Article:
Sunday, October 25, 2009

Slaughterhouse Five: A failure?

In the very beginning of the novel Kurt Vonnegut tells his audience that his novel is a failure, “I’ve finished my war book now. The next one I write is going to be fun. This one is a failure, and had to be, since it was written by a pillar of salt.” (Vonnegut, 22) He is referencing the Bible story of Sodom and Gomorrah, and the fact that Lot’s wife turned into a pillar of salt because she looked back upon the destruction. By writing this novel about the war Vonnegut admits to being a pillar of a salt and that it is human nature to look back upon destruction. Regardless of how much people claim they move on from something traumatic it is impossible to forget. For example when the anniversary of a loved one's death occurs every year it is hard not to reflect upon the past.
I agree with Katie, that Vonnegut presents a “drunken state of mind” through which Billy Pilgrim consistently falls back and forward in time almost like a drunken person faltering his steps after he’s had one too many. Many people use alcohol as an escape. Vonnegut mentions at the beginning of the novel this “disease” he has, drunk dialing. I think, being in college, we are all familiar with this concept (unfortunately). When you’re in an altered state of mind it is harder to differentiate between the real and the fantastical, and if you do something silly or embarrassing you have the fact that you were “so totally wasted” to blame.
Pilgrim mentions at certain times throughout the novel that he has seen his whole life and it is “bearable.” His happiest moments in life are when he is on Tralfamadore, which are humorous because his memories involve him having a “tremendous wang” (Vonnegut, 132) and having sex with Montana, the infamous porn star. It began as hard for me to recognize the humor in this novel because I found the humor somewhat misplaced and awkward, and then I realized that the misplacement was the point of the novel. Ultimately what I believe Vonnegut was trying to prove was the fact that war is as senseless, out of place, and disorienting as Pilgrim’s strange ability to time travel.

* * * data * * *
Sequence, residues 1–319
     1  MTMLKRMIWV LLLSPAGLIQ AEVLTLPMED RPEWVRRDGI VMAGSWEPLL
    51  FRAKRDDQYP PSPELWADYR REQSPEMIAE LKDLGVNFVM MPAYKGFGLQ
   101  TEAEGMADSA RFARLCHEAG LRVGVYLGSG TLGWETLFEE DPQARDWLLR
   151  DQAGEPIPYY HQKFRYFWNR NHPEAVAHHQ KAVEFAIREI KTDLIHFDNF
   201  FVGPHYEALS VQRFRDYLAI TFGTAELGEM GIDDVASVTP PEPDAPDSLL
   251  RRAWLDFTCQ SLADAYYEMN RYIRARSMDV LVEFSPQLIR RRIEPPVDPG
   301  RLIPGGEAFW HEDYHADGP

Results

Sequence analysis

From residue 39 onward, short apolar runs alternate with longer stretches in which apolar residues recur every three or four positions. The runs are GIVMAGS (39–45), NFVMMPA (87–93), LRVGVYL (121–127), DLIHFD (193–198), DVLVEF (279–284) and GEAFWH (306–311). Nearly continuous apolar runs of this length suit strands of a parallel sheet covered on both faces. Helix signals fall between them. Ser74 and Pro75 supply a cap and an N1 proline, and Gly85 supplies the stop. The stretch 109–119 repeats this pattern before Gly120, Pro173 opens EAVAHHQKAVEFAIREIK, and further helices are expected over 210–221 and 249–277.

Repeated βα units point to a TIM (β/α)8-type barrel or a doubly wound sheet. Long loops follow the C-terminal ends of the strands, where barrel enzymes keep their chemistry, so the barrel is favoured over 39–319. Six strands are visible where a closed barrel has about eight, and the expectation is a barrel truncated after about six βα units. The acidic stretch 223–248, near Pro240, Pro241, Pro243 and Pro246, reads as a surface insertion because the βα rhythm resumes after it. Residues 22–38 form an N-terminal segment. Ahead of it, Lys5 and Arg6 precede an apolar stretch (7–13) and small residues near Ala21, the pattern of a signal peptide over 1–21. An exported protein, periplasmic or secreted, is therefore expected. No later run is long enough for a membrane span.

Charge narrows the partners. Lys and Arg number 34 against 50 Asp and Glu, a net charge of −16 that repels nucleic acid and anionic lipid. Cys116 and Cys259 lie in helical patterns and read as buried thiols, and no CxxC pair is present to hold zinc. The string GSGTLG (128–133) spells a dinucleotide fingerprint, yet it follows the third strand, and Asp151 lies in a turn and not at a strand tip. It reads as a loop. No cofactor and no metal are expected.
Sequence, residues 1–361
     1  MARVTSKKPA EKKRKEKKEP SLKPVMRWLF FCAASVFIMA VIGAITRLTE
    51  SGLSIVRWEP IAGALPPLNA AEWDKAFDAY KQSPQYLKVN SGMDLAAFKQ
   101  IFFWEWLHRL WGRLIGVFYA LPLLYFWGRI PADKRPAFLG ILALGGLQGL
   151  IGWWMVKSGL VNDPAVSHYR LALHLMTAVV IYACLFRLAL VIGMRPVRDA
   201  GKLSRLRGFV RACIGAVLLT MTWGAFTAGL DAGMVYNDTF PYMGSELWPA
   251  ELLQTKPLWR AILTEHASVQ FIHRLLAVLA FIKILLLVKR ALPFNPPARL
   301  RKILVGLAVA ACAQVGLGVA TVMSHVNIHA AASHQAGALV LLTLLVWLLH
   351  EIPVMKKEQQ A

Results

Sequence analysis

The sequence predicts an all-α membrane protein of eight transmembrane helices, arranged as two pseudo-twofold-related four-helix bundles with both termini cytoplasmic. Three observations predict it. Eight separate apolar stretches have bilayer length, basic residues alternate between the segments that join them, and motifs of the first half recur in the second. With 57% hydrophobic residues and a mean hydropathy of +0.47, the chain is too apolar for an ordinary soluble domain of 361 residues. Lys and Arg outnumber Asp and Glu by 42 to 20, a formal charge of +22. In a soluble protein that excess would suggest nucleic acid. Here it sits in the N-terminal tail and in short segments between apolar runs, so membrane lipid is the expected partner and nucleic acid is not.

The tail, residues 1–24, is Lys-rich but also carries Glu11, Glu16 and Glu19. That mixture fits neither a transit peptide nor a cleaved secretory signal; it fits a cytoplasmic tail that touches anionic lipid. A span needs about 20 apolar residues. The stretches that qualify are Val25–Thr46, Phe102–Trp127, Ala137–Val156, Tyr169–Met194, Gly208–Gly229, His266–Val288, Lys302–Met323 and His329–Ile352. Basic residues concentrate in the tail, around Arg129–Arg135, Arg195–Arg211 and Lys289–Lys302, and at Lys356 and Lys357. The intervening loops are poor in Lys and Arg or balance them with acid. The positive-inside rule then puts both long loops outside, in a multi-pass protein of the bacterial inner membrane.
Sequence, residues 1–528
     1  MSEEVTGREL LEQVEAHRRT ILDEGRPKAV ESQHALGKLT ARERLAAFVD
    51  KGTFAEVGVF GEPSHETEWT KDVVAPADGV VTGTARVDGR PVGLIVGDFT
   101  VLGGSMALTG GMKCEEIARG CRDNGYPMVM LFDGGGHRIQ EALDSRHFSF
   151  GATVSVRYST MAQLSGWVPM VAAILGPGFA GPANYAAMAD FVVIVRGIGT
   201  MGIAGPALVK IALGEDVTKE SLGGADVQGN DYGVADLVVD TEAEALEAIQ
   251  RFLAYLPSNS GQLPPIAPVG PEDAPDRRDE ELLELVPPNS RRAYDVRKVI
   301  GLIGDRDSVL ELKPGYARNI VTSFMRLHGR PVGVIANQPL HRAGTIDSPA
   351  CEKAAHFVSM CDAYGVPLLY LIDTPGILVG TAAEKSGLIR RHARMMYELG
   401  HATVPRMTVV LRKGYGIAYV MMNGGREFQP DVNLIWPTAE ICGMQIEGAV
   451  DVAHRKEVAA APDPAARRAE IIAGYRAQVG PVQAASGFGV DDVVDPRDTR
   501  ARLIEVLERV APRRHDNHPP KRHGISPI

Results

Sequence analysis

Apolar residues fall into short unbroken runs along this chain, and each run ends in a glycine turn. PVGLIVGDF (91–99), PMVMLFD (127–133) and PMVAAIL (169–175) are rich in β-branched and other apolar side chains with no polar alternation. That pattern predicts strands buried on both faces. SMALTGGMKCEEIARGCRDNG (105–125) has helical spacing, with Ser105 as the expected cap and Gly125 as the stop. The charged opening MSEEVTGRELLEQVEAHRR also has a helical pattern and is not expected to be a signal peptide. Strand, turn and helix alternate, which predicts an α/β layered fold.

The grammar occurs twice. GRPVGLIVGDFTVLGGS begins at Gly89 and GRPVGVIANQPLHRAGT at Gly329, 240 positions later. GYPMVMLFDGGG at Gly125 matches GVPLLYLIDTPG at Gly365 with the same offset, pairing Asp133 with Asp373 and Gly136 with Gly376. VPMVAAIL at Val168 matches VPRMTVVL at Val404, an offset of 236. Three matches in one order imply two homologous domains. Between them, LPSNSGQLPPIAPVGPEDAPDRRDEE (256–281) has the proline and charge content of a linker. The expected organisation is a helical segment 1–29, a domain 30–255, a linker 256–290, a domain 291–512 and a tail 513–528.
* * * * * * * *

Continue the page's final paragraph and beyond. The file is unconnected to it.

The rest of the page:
The final line in the novel sums up this idea, “One bird said to Billy Pilgrim, ‘Poo-tee-weet’?” (Vonnegut, 215) This is a reflection of what Vonnegut explains in the first chapter of the novel, he writes, “It is so short and jumbled and jangled, Sam, because there is nothing intelligent to say about a massacre, and it always is, except for the birds. And what do the birds say? All there is to say about a massacre, things like ‘Poo-tee-weet?’” (Vonnegut, 19). I believe that what Vonnegut is trying to say is that all war/massacre is ultimately a failure and in proving that his book fails at being a failure, therefore it is a success.

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